This is the first sermon in our Lenten series on Christian mysticism called “A Voice To Call Us Home.“ A children’s story on the Desert Fathers and Mothers, written by Beverly Walsh, follows this sermon.
So, what do you think of when you hear the word “mystic”? What word or phrase or image comes immediately to your mind? I’m not looking for something thoughtful here, just your gut response, your first response. It’s OK if it’s not a positive association. What was that word or phrase?
Growing up in an Amish-Mennonite community in the Midwest, I never heard the word “mystic.” When I did first hear of it, I thought it referred to people who would go into a cave for years to commune with God, or a guru from India who meditated constantly or a monk or nun who would experience religious ecstasies when praying the rosary or some such thing. In short: A mystic was kind of this exotic other. It didn’t apply to anyone I knew and certainly not to myself.
Over the years, though, I’ve come to believe that being a mystic is part of the “abundant life” to which Jesus calls us, and that in fact it’s our spiritual birthright as human beings. We begin our lives in a state of complete union, inseparable from the body of our birthing parent, our mother, as I said in the email that went out earlier this week. It takes awhile for us to even experience ourselves as separate from this source of life.
Sherri Mitchell, a Penobscot Indigenous rights activist and spiritual teacher, in her book Sacred Instruction, puts it this way: “When we come into this universe, we are born into our first ecosystem, our mother’s womb. There we are nurtured and sustained through an umbilical connection to the body of our birth mother. When we are born into this world, our umbilical connection is transferred from our birth mother to the Earth mother. Our umbilical connection with the Earth mother then nurtures and sustains us for the remainder of our human lives.”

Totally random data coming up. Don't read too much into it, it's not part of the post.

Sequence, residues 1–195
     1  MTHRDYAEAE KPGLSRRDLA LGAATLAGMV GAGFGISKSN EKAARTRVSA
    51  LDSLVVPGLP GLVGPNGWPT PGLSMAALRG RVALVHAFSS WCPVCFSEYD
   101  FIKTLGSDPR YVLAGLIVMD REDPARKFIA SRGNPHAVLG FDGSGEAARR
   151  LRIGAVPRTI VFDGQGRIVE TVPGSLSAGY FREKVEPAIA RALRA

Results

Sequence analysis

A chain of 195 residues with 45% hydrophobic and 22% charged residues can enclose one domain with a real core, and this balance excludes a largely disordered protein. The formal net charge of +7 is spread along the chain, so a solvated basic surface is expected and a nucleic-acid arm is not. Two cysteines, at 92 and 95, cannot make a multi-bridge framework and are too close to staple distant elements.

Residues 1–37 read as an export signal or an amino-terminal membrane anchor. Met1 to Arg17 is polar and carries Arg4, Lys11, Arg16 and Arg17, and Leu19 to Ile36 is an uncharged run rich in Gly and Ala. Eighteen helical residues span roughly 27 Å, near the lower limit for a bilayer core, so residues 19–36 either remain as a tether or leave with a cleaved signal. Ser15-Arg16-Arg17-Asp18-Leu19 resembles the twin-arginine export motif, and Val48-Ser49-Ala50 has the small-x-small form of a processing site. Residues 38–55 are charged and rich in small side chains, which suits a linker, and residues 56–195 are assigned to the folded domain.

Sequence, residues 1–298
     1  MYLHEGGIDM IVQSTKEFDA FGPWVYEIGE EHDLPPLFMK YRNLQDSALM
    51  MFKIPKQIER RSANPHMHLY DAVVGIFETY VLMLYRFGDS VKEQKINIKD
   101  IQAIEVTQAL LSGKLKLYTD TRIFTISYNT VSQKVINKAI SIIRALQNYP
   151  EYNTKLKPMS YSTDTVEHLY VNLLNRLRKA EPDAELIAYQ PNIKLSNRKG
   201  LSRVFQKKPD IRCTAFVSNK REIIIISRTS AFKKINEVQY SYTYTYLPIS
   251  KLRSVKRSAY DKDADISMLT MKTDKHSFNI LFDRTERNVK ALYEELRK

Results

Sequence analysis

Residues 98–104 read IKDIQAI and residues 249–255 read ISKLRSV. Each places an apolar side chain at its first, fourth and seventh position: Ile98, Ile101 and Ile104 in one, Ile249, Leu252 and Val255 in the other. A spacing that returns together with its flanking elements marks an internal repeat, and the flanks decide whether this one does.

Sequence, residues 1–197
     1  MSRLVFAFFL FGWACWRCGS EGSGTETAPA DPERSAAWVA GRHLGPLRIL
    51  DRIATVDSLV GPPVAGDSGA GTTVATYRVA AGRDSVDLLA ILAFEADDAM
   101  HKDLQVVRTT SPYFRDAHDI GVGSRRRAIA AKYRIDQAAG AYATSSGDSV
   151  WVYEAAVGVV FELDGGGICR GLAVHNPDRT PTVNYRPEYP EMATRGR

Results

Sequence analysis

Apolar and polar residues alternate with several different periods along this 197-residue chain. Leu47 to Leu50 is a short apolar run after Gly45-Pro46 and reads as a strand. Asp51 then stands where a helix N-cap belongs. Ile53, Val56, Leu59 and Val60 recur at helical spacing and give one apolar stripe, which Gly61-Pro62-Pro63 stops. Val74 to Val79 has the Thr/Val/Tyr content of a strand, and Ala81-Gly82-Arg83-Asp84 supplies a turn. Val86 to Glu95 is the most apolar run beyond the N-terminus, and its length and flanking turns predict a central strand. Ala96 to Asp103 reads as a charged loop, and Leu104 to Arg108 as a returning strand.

She’s talking about the fact that we are born into a web of relationship with all of creation. Nearly all of the elements in our bodies — as well as the bodies of everything else on earth — were formed in the stars. Sherri writes, “Science has finally caught up with what we (meaning Indigenous people) have always known, that we are all related. We are all made out of the same foundational elements” — stardust and water. “It is simply the arrangement of those elements that gives distinct form to what we see before us.” In addition, we share DNA with every other living being. Approximately 98 percent of our DNA is shared with primates; 35 percent is shared with plants. We share about 50% of our genes with bananas. Contemplate that the next time you’re eating one.
“Though we have migrated a great distance,” Sherri writes, “the radiance of star dust still resonates within us… This stirring is a call of recognition, of remembrance. It continuously reminds us that we are infinitely connected to one another, to the natural world, and to a unified divine source…. We are part of a universe, a collection of individual notes in one continuous song; the song that sang all life into being.”
Why wasn’t I taught that growing up? I’m grateful that I was born into a tight-knit community. Nature was very present. And I’m grateful that I was taught that I could have a personal relationship with Jesus. There was some relationship there, some connectedness. But I was also taught that there was something deeply sinful and wrong in me and that only Jesus’ bloody death on the cross could make me “at one” with this God, this Creator. That is a story of separation.
If you didn’t grow up with that story, I’m guessing you still were formed by a story of separation. How about this one: You are a separate, isolated self, and you are competing against other separate, isolated selves to meet your own economic needs. That’s the foundational story of our capitalist economic system and it affects all of us, whether we know it does or not. How about this one: Nature, that “stuff” out there, is there for us to use and use up. There will always more natural resources for us to consume, even if we need to start mining the moon or move to Mars. How about this one: Nothing in this universe, but us, is truly alive. We’re the only “things” with consciousness in this vast universe. The recent update on this story is that even we may not possess consciousness. We might just be a bunch of algorithms with some meat around us. Karin mentioned the separation story of the Enlightenment rationalism in which she was raised, as in: If you can’t access it through your five senses, then it’s not real.